Interim Management For Internal communication

All experts agree: Internal communication is increasingly important. But companies are facing more difficulties to ensure a professional standard – because specialists are hard to find.


At the beginning of the recruiting process everyone is optimistic: why not simply hire an Internal Communication Manager? Easier said than done. Practice-proven experts with sound experience in internal communication are rare. The few that do exist are in great demand. Young talents are a little easier to get, but have correspondingly less experience, for example in sensitive issues such as change communication or the development of internal communication structures. 

On top of that, medium-sized companies in particular often cannot afford (and do not want) to hire someone exclusively for internal communication. What to do?


Another way to build up or professionalise internal communication is to hire an interim manager. Interim management means the temporary assumption of a position by experienced external specialists. In their role, interim managers are responsible for internal communication on a temporary basis – a particularly flexible solution for companies.

Especially in the field of internal communication it can pay off to employ interim managers. Why? They usually have several years of expertise, have worked for a large number of companies from various industries and are mostly skilled in creating concepts. This makes them the ideal choice for establishing or expanding internal communication, developing structures, creating new channels and establishing a fully operational communication system. Once the development process is complete, the focus shifts to providing content or supporting an internal editorial team – a task that colleagues with less experience can grow into.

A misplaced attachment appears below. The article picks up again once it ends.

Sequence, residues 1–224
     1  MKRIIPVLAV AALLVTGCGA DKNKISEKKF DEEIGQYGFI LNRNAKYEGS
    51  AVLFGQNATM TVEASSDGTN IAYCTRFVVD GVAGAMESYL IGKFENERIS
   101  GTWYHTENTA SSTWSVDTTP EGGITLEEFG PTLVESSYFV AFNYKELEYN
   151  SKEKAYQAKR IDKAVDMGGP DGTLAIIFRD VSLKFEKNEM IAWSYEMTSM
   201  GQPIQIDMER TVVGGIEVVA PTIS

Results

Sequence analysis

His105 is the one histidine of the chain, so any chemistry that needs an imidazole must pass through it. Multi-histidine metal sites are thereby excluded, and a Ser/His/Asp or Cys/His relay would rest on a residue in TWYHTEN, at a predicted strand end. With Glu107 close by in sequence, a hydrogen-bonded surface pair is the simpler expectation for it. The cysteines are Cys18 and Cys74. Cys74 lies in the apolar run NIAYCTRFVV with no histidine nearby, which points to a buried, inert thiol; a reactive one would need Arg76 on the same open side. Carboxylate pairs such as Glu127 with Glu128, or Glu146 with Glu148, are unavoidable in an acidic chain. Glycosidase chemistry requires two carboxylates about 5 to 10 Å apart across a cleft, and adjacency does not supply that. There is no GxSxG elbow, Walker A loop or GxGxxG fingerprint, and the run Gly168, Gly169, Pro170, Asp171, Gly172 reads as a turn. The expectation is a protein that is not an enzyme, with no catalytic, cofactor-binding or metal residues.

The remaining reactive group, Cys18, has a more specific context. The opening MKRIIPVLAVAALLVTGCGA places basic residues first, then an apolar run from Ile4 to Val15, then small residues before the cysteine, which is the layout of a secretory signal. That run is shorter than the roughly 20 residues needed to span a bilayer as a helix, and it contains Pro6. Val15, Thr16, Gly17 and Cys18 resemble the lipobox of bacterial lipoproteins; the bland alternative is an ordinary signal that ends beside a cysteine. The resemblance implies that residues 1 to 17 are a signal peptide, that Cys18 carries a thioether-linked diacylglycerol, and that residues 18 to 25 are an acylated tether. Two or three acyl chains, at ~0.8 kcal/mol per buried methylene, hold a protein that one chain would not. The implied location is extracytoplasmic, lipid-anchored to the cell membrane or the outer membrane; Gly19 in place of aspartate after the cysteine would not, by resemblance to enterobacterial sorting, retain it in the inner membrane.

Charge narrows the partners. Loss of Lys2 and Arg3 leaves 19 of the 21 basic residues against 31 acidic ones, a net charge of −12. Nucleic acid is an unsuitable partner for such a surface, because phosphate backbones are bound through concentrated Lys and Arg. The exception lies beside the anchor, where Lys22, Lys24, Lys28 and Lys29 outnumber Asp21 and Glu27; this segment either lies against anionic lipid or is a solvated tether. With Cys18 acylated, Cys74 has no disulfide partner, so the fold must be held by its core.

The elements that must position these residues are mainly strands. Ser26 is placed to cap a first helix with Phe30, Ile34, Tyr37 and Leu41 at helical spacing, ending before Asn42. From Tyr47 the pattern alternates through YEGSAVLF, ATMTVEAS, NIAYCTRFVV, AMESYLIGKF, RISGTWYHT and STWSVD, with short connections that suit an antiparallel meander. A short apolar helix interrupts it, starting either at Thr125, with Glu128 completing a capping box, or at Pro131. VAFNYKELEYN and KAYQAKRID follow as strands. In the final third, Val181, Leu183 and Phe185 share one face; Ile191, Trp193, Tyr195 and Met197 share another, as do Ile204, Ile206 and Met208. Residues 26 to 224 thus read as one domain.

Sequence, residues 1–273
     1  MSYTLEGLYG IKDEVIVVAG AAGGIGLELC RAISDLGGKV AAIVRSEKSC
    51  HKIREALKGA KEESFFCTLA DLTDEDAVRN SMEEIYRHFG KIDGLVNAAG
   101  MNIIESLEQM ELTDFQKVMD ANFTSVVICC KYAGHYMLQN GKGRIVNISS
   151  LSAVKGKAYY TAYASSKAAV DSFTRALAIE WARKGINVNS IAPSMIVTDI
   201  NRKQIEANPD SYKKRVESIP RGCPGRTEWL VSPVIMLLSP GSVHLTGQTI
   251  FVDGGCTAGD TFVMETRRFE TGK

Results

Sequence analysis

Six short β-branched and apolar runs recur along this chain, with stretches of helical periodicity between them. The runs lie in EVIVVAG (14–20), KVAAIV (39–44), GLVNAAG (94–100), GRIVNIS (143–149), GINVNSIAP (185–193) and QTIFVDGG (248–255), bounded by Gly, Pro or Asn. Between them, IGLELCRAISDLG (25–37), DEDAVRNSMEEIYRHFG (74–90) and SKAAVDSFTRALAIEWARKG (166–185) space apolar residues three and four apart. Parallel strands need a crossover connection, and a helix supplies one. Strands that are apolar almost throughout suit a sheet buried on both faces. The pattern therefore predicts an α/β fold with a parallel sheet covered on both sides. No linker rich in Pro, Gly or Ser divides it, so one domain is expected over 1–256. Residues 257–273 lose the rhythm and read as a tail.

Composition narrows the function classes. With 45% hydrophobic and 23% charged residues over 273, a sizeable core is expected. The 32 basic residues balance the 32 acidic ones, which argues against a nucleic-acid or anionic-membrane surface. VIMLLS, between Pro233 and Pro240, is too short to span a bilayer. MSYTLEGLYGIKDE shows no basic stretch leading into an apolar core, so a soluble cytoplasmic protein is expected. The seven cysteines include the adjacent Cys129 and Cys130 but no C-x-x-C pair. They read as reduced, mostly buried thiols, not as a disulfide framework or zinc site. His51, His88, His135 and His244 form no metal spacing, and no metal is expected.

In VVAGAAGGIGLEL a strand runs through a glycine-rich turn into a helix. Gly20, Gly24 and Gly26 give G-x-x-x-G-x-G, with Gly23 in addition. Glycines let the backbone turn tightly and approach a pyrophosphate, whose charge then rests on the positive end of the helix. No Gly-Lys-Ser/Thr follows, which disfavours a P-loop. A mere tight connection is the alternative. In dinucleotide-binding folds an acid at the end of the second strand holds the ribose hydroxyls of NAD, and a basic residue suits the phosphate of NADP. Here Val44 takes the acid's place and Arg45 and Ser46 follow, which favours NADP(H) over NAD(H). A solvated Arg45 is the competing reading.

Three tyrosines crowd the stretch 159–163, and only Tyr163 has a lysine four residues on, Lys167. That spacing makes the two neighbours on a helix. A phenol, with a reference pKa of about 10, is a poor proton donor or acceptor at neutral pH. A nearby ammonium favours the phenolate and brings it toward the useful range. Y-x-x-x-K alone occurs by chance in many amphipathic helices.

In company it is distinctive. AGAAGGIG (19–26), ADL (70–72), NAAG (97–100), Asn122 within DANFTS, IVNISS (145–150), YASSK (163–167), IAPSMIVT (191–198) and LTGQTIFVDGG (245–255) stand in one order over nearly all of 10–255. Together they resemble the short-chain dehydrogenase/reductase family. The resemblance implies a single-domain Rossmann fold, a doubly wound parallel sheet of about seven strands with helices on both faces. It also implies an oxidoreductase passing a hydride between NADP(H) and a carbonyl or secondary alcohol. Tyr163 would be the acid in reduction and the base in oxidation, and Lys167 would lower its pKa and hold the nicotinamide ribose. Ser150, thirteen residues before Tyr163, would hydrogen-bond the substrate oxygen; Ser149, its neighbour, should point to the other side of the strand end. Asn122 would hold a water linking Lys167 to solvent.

A further advantage is the mix of involvement and professional distance of interim managers. On the one hand, they are fully embedded in company processes. At the same time, they retain their objective outside view. Anyone who has already made the experience that the opinion of internal experts is sometimes not appreciated recognises the external status of interim managers as an asset – and the corresponding independence and ability to convince.

By the way, interim management in internal communications is by no means only interesting for large companies. On the contrary: medium-sized companies can build up know-how in a focused and efficient way over a certain period of time. Later, an internal or external talent can be found to continue the tasks.


From our experience, interim management pays off in business practice. As temporary partners, we were able to provide inspiration, create professional structures, develop internal communication in a short time and support the success of change processes.

What experiences have you made? We are looking forward to discuss this in a personal meeting.

*Photo by Diana Parkhouse on Unsplash

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